History of Sino-European Relations from Yuan Times to Opium Wars
The Sino-European Relations is the relationship between the European Union and the Peoples Republic of China. The foreign trade in China started as early as in 206 BCE-9 CE during the reign of Western Han and existed consistently since then. China and Europe trade has a long history from the times of Yuan to the Opium wars. Mexico and Peru produced the largest portion of silver worldwide (Austermann et al. 244). This led to Europeans shipping silver from those regions to China. The silver trade had a great effect on the economy of the world. Moreover, it could be defined as the start of the global economy. The trade of other commodities was established due to the silver trade that became so prominent in China. Thus, this essay aims to critique the role played by trade during the era of Simo-European relations from the Yuan era to the Opium wars; with specific regard to the commodities that were traded and the traders involved.
The Portuguese led the early Western European attempts to reach Asian markets. These people were at sea in the 15th century, and they reached China as trading pirates as well as a recognized group. The trading pirates communicated with the Chinese government. They even put up a stronghold on the territory of China and interfered with the already formed trade patterns. They also involved themselves in buying Chinese children that were offered by abductors. Later on, the government granted the Portuguese the trading rights for the south of Canton. The Portuguese established themselves as the chief performers in the exchanges of commodities in Asian countries and were involved in trade between China and Japan, eventually making money to buy goods that were needed back in Europe (Austermann et al. 178).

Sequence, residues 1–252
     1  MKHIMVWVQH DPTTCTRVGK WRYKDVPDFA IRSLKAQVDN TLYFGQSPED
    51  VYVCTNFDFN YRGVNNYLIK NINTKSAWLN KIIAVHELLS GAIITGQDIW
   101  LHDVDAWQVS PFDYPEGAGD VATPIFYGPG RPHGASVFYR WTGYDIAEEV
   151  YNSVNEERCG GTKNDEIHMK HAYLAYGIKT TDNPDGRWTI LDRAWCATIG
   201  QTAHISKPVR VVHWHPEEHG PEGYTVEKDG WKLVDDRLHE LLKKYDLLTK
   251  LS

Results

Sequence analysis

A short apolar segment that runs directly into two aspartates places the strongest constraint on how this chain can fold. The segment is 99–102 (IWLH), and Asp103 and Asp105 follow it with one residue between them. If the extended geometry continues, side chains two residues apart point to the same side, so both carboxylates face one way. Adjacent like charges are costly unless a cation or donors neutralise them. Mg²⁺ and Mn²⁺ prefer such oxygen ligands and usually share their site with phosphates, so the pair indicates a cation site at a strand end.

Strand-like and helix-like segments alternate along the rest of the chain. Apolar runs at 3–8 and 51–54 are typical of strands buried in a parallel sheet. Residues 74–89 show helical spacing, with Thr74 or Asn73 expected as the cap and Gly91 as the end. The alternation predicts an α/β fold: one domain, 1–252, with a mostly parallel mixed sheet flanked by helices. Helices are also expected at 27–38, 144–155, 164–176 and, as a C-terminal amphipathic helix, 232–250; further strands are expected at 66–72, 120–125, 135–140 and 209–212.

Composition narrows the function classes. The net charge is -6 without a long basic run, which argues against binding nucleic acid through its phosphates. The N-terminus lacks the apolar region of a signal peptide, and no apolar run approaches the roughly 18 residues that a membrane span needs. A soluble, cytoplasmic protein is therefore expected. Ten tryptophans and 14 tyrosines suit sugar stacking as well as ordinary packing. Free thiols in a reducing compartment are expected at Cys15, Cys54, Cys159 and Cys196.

The Spanish, who were the challengers of the Portuguese for territorial and trading rights, later established themselves in the Philippines, which they claimed for Spain. This led to Manila becoming the center of the Spaniards in carrying out trade in China, while Macao was for the Portuguese. The silver that was produced by the Spaniards in their new territories ultimately traveled across the Pacific and through Manila, ending in China. Europeans could trade it for the commodities that were needed in their country (Vogt 28). Asia was the center of the economy of the world, while China had a high demand for silver.